While you are the clinical leader and ultimately the decision maker on clinical protocols, when your team is allowed to provide input, they are much more likely to be on board and fully supportive. When working with our clients, we utilize a Standard of Care worksheet to facilitate the process.
Once you have your standards clearly outlined, get agreement and commitment from your entire team to support these clinical standards and then hold each other accountable to them. That means your team will be holding you accountable as well.
Practice Management Tip for the Dentist
Trust and Verify
Lead - don’t micro-manage:
- Set the clinical standards with your team, then give them the tools, training and support they need to be successful. Then trust them. If at any point you’re seeing signs that the standards you created are not being followed, verify and reset with positive communication.
- When you see patients that are bleeding and treatment to address the disease has not been presented, ask why in a kind and direct way. ‘Let’s discuss Mr. Jones. Can you help me understand your recommendations for him?’
Not sure what micro-managing looks like? Here's some examples...
- Not allowing hygienists to co-diagnose obvious disease and educate with the patient what they see (Dentist makes final diagnosis)
- Sharply disagreeing with or ignoring the hygienist’s clinical opinion in front of the patient
- Dismissing the hygienist’s recommendation to the patient with ‘let’s check it next time’
- Re-explaining every step of a procedure with the patient because you’re sure the hygienist didn’t do it right
- Hygienists using outdated and worn out equipment and instruments because they are afraid to ask for new tools or they’ve been told they aren’t allowed to order anything
- Waiting until the very end of the hygiene visit to do your exam because you want to be sure every speck of stain or plaque is gone
It’s been a wild and heavy couple of years. If you’re like the rest of the world, things have been chaotic and your team is feeling overwhelmed. In 2020, a lot of dental teams threw their systems out the window and went into survival mode. You may feel like you’re still there. Your team is likely looking to you for clarity and strategies to reduce the chaos.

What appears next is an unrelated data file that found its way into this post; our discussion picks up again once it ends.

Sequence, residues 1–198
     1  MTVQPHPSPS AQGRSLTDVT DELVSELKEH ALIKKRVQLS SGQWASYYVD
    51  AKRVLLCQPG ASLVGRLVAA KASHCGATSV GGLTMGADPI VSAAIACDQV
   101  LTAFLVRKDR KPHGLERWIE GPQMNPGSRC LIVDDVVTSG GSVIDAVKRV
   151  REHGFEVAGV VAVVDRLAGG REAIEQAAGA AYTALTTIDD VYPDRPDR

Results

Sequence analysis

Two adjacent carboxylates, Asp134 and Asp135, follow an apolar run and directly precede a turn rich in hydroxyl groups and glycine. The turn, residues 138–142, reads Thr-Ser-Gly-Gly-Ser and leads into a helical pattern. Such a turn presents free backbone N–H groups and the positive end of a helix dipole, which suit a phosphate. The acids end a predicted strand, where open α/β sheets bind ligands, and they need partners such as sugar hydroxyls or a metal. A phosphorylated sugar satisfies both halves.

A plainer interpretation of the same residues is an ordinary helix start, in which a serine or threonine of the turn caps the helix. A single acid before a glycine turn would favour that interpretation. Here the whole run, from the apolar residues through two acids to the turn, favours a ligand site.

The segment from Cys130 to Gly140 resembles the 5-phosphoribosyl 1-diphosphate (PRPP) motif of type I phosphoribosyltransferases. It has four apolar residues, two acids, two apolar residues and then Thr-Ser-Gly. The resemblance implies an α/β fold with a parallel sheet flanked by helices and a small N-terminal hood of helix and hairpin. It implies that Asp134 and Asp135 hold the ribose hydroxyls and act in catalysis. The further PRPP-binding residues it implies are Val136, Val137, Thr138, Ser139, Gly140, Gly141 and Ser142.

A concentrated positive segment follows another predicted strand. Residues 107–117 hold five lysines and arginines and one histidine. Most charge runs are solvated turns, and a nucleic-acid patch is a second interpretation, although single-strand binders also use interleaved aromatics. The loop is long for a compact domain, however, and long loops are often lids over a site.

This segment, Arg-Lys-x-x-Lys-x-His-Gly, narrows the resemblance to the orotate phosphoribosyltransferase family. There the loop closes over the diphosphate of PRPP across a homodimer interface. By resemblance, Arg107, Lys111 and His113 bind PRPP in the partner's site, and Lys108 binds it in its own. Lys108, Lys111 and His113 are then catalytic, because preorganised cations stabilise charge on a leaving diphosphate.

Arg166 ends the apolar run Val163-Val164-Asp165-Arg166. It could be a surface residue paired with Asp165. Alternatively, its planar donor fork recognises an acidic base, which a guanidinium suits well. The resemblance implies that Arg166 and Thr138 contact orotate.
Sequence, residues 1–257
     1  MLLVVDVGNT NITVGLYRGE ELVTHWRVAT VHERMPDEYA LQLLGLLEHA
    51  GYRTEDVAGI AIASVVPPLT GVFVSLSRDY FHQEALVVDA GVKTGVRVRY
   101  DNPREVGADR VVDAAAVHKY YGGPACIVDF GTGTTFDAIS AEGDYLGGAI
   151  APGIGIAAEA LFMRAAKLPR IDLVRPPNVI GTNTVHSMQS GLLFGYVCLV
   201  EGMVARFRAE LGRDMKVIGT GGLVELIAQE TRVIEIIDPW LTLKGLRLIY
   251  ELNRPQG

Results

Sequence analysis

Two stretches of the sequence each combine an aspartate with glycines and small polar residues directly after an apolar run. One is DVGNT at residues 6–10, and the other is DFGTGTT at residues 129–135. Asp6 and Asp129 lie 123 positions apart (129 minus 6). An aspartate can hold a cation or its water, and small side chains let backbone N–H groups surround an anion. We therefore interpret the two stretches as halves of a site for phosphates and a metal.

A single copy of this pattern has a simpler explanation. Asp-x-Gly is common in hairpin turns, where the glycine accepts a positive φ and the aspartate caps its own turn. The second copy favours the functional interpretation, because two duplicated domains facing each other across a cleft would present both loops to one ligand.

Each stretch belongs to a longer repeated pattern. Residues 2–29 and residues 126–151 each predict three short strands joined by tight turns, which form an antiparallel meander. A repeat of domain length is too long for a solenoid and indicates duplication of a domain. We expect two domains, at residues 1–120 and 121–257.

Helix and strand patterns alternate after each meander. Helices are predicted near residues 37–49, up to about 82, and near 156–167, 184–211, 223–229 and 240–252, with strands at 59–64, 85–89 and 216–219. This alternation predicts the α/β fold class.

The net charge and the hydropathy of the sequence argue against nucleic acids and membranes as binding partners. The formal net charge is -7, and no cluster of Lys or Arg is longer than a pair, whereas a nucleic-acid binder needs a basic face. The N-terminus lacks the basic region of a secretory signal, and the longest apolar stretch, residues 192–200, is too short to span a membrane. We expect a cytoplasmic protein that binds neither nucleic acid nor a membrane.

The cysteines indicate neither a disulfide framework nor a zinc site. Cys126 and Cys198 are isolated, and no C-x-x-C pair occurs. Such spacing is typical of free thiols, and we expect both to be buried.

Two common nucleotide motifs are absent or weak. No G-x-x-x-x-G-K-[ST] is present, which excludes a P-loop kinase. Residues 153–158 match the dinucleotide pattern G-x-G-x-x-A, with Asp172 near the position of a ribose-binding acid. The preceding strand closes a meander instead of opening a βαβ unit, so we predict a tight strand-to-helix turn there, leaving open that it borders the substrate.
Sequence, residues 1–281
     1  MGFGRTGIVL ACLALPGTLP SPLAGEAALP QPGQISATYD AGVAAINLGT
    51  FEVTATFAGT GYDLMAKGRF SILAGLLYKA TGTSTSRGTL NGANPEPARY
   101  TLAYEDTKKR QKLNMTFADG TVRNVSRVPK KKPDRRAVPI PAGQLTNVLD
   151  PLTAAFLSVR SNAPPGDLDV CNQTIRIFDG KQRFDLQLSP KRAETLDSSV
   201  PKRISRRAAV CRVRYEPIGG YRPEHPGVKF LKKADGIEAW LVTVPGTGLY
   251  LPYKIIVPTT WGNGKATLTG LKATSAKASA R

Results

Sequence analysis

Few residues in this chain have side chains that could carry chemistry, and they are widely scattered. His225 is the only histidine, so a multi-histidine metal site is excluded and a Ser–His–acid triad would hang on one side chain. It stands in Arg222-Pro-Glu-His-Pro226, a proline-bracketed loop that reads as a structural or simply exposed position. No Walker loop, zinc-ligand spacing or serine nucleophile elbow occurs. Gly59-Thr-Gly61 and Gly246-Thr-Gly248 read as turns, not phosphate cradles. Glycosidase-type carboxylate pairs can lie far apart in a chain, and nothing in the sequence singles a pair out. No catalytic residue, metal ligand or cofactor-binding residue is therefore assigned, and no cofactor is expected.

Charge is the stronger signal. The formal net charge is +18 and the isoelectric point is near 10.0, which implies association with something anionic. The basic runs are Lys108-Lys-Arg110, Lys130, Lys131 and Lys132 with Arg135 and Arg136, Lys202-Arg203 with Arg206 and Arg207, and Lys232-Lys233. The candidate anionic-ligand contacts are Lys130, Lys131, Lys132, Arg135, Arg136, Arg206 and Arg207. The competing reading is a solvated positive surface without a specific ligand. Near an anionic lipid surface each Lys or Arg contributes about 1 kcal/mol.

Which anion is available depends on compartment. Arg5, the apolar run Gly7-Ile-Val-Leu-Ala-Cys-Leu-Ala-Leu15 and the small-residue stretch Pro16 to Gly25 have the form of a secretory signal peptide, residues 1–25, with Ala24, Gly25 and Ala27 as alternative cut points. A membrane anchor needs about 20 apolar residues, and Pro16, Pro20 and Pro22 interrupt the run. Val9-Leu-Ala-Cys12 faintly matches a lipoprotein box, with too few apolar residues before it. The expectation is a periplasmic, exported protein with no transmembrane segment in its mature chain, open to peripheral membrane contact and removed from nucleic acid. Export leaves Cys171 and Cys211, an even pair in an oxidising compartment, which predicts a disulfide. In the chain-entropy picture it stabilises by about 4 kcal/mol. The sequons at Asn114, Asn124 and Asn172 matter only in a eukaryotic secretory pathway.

Hygiene teams across the country have been struggling with heavy demand for appointments, staffing challenges, last minute cancellations and rising overhead despite dropping reimbursement. Creating clarity out of all this chaos is challenging. We understand and we’re here to help. Here are a few of the processes we’ve seen work to help our clients reduce the chaos:
- Standard of Care: As a team, recommit to your clinical standards. Resist the urge to let a busy schedule cost your patients a proper diagnosis and treatment. The care you provide can be lifesaving.
- Scheduling: Reserve time for priority care. Your patients’ health IS a priority. Even if you don’t have time on your schedule the next few weeks, go out until you see space and block time for periodontal care on the schedule. If your hygiene schedule is booked out for months, start NOW to take control so you can expand services. We can help.
- Hygiene-Doctor Handoff: Increase the effectiveness of the time you spend in hygiene exams. Empower your hygienists to prepare the patient fully for the exam before they call you. Build them up and spend time sharing your clinical philosophy with them. Give them permission to lead a strong handoff. Then outline what you need to be as effective and efficient as possible during the exam and practice it.
With positive leadership and guiding principles followed by all, it is possible to reset your hygiene team for a successful 2023 and beyond.
Whatever challenges we are facing in the coming years, having your hygiene house in order will set your practice up with a solid foundation to weather whatever comes next. A thriving hygiene department can be the backbone of a profitable practice that delivers outstanding care.